piano lessons


Parent Involvement

Parent involvement is an important aspect of piano lessons. In my experience, all piano students that reach any level of success has the common factor of an involved parent.

Why is it important?

Relatability is a large part of why parent involvement is important. Many parents request piano lessons for their children to provide them opportunities that they did not have in their own childhood. While this is great (and admirable!), this often means that the student is the only piano player in the house.

Let’s compare learning piano to learning a language. If a child only hears a new language (let’s say French) once a week, for half an hour, how will he/she pick up the ability to speak and read the language? We often expect our piano students to produce a 4-8 bar song within weeks of piano lessons. Would we expect children learning French to recite short stories within weeks with no home guidance?

Furthermore, having no one to relate to is highly discouraging. Not only is picking up a new language (music) difficult to begin with, having no one going through the same journey adds a level of isolation.

Implementation

There are a couple ways we can implement parent involvement, even if the parent has little music experience! I encourage the parents to improvise together; to learn and grow from each other’s interpretation of music. For parents who have a stronger musical background, I encourage them to learn duets together. This is a great exercise for both musicality and discipline on both parts. Lastly, I encourage parents to practice with their children. Although I understand it is hard to find time to practice in a busy adult life, practicing with your child will give you a different perspective of what the student is going through.  You may even try learning the same songs as the student progresses!

Extra benefits

First of all, two for one piano lessons! By paying the price of one, parents can learn what the student is learning. Secondly, this is a great bonding exercise for child and parent, and encourages the value of discipline. Thirdly, it encourages the longevity of interest in lessons. As piano lessons are a long term investment (often years!), parents should feel the incentive to continue fanning the flame of interest for the student.

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Planned Improvisation

Planned Improvisation is a important part of EN Music Studio’s curriculum.

What is planned improvisation?

It refers to the planning before an improvisation session. The student and teacher may plan what the key, rhythm, articulation, ending, beginning, themes, dynamics are. The list is expansive! The more advanced the student is, the more we can plan the improvisation. The result, is a much more cohesive project, rather than free exploration.

Why is it important?

Planned improvisation requires student input. Essentially, it’s their project! By giving the student creative control, students develop their independent ear for what sounds good and/or correct. This type of creative control also allows the student to be authentic. What music concepts are they familiar with? What music concepts are they not? All this would show in the planning stages of the improvisation. Furthermore, it allows the students to explore music concepts in a meaningful way; it is incorporated into a piece of their art.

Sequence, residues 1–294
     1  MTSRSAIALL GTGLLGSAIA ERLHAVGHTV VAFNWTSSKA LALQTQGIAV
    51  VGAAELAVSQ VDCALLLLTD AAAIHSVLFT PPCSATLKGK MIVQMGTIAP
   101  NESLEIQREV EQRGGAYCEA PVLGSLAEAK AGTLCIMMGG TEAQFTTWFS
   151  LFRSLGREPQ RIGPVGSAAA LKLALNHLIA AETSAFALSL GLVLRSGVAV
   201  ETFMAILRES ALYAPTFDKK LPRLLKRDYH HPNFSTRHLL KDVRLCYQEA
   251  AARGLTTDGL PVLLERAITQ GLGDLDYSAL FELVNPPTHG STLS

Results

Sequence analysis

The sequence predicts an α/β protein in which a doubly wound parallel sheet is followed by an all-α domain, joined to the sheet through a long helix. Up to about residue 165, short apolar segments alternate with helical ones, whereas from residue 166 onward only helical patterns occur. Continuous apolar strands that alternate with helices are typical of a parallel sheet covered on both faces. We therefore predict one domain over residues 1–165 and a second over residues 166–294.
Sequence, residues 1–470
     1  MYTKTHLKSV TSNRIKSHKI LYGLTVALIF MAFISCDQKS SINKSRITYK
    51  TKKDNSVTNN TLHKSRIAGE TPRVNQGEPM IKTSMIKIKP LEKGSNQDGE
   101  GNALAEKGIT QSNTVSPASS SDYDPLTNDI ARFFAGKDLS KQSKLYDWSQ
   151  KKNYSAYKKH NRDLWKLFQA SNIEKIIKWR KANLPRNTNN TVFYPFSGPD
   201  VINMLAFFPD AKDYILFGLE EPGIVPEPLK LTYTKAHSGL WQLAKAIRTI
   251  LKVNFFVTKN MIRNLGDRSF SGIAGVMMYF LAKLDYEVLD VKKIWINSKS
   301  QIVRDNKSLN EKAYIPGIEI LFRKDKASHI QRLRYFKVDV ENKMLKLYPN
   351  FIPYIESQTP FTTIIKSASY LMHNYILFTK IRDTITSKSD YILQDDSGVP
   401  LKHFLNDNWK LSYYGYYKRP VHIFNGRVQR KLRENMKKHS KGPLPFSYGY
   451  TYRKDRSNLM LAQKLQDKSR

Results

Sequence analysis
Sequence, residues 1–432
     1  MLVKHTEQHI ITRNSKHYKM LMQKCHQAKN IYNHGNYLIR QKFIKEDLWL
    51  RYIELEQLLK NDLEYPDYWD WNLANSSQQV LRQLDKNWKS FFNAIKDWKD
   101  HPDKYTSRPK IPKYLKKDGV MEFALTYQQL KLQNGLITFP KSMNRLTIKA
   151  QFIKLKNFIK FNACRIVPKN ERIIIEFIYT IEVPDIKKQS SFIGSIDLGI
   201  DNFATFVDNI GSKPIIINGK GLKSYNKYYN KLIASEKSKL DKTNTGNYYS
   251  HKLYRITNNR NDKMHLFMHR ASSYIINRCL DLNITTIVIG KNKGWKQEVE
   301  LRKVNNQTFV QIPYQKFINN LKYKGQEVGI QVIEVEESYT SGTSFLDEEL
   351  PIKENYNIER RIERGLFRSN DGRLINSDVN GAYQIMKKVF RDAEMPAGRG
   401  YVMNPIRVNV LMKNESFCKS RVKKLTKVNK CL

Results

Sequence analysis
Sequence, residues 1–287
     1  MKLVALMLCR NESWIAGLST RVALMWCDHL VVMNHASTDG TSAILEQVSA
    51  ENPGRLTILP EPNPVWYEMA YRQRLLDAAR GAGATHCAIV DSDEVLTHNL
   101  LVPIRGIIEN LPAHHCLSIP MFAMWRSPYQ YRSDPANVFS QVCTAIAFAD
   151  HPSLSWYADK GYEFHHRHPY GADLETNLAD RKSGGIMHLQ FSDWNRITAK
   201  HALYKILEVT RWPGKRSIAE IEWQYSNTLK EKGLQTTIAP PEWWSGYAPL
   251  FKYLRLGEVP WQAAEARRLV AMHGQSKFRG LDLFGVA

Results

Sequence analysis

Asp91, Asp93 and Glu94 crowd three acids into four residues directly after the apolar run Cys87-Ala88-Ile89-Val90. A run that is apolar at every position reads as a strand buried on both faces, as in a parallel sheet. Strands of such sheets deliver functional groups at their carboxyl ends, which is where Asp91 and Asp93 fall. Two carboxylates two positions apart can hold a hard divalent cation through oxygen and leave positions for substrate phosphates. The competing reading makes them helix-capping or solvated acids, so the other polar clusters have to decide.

Effect on Written Piano Learning

Planned improvisation allows the student to apply standard musical concepts to their written music studies. For example, once the student has explored what double eighth notes are in their creative project, they are more likely to be able to execute the technique and rhythm in their written studies. This is because they have been able to explore the same concept in multi-modally; This is similar to the random practicing concept.

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Free Exploration

Natural Free Exploration

Children love the potential of the piano. Within minutes of having an empty piano in a space, I see children gravitate to the bench. I see them hit the same key repeatedly, observing that the pitch doesn’t change. In addition, I watch them vary their strength (usually to the upper dynamic level!), to test out the power of the piano. Even further, I observe them go up (right) and down (left) with joy, experiencing the huge range of notes.

The piano is unique, in the fact that it’s easy to make pitches. In fact, you could literally slam your fist down, and create a cluster of pitches. Compare this to using pencil crayons! Pencil crayons are easy to use; press the tip against the paper…and ta da! Colour.

Some instruments are not this easy. Have you ever tried to play the flute or trumpet before? Think back to your first time trying to blow a solid note. How did it go? For me, it was a huge mess! I mostly sputtered all over, with no discernible pitch. Those instruments add tremendous value to how our body relates to the instrument to make music. However, for a beginner, it is much harder to explore before that basic technique is achieved.

EN Music Studio truly believes free exploration is important to the student. Just like when a child learns to draw, we can not force them immediately to draw an apple or tree. They are more likely to scribble! To explore the different effects one can achieve depending on the weight of the pencil, the pencil type, and the different drawing strokes.

Piano is no different. Before we create fine art, the student needs time to explore the canvas of the piano freely. If stifled into a strict exercise only routine, piano students will view piano as an academic subject, and not as an artistic one. There is nothing wrong with the academic side of piano! The question is: what are you intending for the piano lessons to bring to the children?